cc_dashboard aggregates the build status of projects from multiple CruiseControl servers on to a single "dashboard" web page
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cc_dashboard - Aggregates the build status of projects from multiple CruiseControl servers on to a single "dashboard" web page

cc_dashboard will combine the build status of projects from multiple CruiseControl servers (actually, from any Continuous Integration server that exposes build status information using the "cctray xml format" - see below) on to a single "dashboard" web page.

cc_dashboard is a Rails 3.2 application. It has been tested against Ruby 1.9.3, but because it is very, very simple it should run under earlier versions of 1.9. (Rails 3.1 dropped support for Ruby 1.8.7.)

Why cc_dashboard?

As the number of Rails projects I was using increased I was then forced to split them amongst multiple CruiseControl.rb servers to improve build times. However, I now had the problem of monitoring multiple CruiseControl.rb servers. So the answer was to aggregate all the build status using cc_dashboard!

Why did I write it in Rails? Because I was working with a large number of Rails projects at the time and had the Rails infrastructure in place to host cc_dashboard!

(Another approach to this problem could have been to use continuous integration servers that support master/multiple slaves configurations like Jenkins, but it wasn't an options at the time.)


Assuming you have the base Rails gems installed (no database needed):

  • Install ruby 1.9.2 or later and bundler

  • Unpack the cc_dashboard zip/tar

  • Create a config/cc_dashboard_config.rb file with a list servers from which to fetch "cctray xml format" (see below) feeds. You can use config/cc_dashboard_config.rb.example as a template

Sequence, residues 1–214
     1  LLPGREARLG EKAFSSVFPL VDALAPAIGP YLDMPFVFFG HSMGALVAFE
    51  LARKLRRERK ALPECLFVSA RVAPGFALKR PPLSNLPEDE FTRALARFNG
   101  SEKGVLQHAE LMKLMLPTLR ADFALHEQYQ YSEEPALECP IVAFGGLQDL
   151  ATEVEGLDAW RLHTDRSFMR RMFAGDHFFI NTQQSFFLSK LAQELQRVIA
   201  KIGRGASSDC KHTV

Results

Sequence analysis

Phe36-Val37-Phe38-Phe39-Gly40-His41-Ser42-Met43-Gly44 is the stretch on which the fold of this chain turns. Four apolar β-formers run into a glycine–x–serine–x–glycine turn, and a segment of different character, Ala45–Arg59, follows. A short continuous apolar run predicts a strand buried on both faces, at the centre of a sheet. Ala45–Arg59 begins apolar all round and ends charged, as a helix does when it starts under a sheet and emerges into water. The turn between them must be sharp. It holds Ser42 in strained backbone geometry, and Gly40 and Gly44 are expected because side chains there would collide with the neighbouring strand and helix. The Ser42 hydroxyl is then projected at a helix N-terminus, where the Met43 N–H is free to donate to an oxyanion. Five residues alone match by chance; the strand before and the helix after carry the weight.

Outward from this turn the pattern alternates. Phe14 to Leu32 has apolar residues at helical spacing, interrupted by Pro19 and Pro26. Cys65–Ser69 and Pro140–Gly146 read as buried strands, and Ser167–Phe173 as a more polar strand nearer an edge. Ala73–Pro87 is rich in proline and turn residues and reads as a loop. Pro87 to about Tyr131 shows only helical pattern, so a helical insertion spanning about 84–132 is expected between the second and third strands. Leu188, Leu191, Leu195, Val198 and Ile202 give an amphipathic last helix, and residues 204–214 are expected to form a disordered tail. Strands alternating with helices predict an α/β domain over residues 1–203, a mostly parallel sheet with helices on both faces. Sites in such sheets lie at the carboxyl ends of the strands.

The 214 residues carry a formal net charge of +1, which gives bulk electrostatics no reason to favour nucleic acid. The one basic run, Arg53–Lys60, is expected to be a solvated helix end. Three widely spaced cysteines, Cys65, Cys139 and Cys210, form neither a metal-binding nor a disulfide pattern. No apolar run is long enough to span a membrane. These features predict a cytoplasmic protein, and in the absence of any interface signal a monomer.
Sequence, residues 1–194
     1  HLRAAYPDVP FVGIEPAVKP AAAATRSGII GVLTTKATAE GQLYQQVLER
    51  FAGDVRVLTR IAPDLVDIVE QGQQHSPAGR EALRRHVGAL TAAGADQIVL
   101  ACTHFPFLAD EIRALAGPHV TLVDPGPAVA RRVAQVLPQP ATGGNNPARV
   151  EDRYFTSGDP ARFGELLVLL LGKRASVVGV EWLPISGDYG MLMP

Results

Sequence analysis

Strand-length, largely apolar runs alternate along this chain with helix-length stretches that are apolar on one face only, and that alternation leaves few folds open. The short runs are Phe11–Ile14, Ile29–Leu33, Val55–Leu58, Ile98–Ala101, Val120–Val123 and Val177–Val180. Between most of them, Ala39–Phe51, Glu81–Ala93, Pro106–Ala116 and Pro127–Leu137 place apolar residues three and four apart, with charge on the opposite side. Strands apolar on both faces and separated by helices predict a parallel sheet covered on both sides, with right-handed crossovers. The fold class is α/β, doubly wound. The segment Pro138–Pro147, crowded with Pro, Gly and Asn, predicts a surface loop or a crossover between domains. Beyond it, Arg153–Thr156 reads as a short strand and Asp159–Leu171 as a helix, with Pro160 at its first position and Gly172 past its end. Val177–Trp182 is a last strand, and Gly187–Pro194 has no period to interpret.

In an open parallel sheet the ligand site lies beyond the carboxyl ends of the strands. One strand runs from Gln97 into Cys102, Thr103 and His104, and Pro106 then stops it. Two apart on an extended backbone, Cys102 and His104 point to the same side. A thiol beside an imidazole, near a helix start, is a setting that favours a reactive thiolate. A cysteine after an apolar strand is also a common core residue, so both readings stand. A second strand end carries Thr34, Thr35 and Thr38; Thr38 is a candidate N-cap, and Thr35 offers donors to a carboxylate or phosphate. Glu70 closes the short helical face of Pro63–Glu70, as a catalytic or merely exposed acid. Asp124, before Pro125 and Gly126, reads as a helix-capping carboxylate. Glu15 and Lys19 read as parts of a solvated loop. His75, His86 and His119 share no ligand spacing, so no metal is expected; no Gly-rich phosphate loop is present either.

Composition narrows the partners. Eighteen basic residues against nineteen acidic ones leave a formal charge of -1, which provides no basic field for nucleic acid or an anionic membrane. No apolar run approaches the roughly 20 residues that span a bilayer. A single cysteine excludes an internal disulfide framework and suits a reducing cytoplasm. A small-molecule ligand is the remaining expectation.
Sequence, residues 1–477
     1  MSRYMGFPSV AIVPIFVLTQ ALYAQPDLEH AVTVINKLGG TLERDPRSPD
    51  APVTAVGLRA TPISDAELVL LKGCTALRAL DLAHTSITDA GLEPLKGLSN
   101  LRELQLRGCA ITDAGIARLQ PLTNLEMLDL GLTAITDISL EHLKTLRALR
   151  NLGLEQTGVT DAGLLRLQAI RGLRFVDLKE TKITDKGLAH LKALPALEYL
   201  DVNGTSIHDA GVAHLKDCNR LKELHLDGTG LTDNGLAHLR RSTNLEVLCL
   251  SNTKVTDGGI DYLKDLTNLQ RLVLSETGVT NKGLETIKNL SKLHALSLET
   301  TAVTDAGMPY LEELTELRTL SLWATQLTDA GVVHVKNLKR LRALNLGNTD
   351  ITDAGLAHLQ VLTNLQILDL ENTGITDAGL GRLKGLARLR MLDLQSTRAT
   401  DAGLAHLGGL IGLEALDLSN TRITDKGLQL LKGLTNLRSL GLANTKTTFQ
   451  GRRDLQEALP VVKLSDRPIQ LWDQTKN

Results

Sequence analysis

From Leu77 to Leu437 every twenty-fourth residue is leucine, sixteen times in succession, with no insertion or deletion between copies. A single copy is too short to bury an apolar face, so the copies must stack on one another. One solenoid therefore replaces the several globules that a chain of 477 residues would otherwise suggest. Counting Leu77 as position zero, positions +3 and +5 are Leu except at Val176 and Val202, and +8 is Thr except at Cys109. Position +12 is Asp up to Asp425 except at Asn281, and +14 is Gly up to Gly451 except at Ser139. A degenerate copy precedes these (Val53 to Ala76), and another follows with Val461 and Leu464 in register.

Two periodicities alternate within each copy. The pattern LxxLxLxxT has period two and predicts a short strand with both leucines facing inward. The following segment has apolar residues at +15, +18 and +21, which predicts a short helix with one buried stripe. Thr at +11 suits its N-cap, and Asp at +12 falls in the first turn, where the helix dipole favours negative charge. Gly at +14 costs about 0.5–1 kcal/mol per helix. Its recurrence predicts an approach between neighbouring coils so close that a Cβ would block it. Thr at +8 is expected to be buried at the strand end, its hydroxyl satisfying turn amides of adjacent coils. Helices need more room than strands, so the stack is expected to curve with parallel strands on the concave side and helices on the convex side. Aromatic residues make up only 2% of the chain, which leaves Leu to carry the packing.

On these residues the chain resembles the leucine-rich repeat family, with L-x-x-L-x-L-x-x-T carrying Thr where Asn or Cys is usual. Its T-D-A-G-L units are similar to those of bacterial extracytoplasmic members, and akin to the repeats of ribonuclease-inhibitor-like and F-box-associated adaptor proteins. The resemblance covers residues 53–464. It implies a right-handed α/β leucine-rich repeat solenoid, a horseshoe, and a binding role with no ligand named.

• Install the dependent gems by doing a bundle install

  • Start the cc_dashboard Rails server by running the script

  • Point your web browser at the application root. e.g.


To stop the cc_dashboard Rails server run the script.

Note to Rails gurus: The and scripts use Unicorn, but if you like you can use Webrick (e.g. "rails server -p 3332 -e production"), or Thin, or you can deploy behind Passenger, or use whatever server you like. You can also bind to whatever TCP port you like.


cc_dashboard has support for changing the look, or "skin", of its dashboard page.

Available skins are:

  • doom - yep, the original first-person shooter Doom
  • hudson - some images borrowed from the Hudson continuous integration server
  • iskin - all things Apple and the cult of Steve Jobs
  • kitten - aaawww, how cute :)
  • minimal - a very, very basic skin if you don't appreciate art
  • nightmare - primarily Nightmare on Elm Street, but throw in some other horror schlock from Jason vs Freddy, Chucky, etc
  • smiley
  • spaceinvaders - yep, the arcade classic
  • worldcup - a.k.a. soccer

You choose the skin by setting the value in the config/cc_dashboard_config.rb configuration file. You can also choose the skin per-HTTP-request by adding a "?skin=SKIN" to the end of the URL (e.g. "?skin=hudson").


To make the dahsboard a little less boring you can add some "bling". Built-in blings are:

  • cheezburger - a random image from the Cheezburger Network
  • chucknorris - Chuck Norris is the ultimate programmer!

You choose the bling by setting the DashboardConfig.bling value in the config/cc_dashboard_config.rb configuration file. You can also choose the bling per-HTTP-request by adding a "?bling=BLING" to the end of the URL (e.g. "?bling=cheezburger").

(Sound) Tracks

cc_dashboard can play sounds to alert you when:

  1. a build breaks
  2. a build is still broken
  3. a build was broken but is now fixed

Available tracks are:

  • aliens - sound bites from the classic "Aliens" movie. Game over!
  • itrack - some wisdom from Steve Jobs
  • nightmare - sound bites from the schlock horror movies like Nightmare on Elm Street and Saw
  • simpsons - sound bites from the animated "satirical parody of a middle class American lifestyle" sitcom. Doh!
  • south_park - safe for work sound bites from the cartoon that kicks ass!

You choose the track by setting the DashboardConfig.track value in the config/cc_dashboard_config.rb configuration file, or leave the configuration commented out to disable sounds. You can also choose the track per-HTTP-request by adding a "?track=TRACK" to the end of the URL (e.g. "?track=aliens").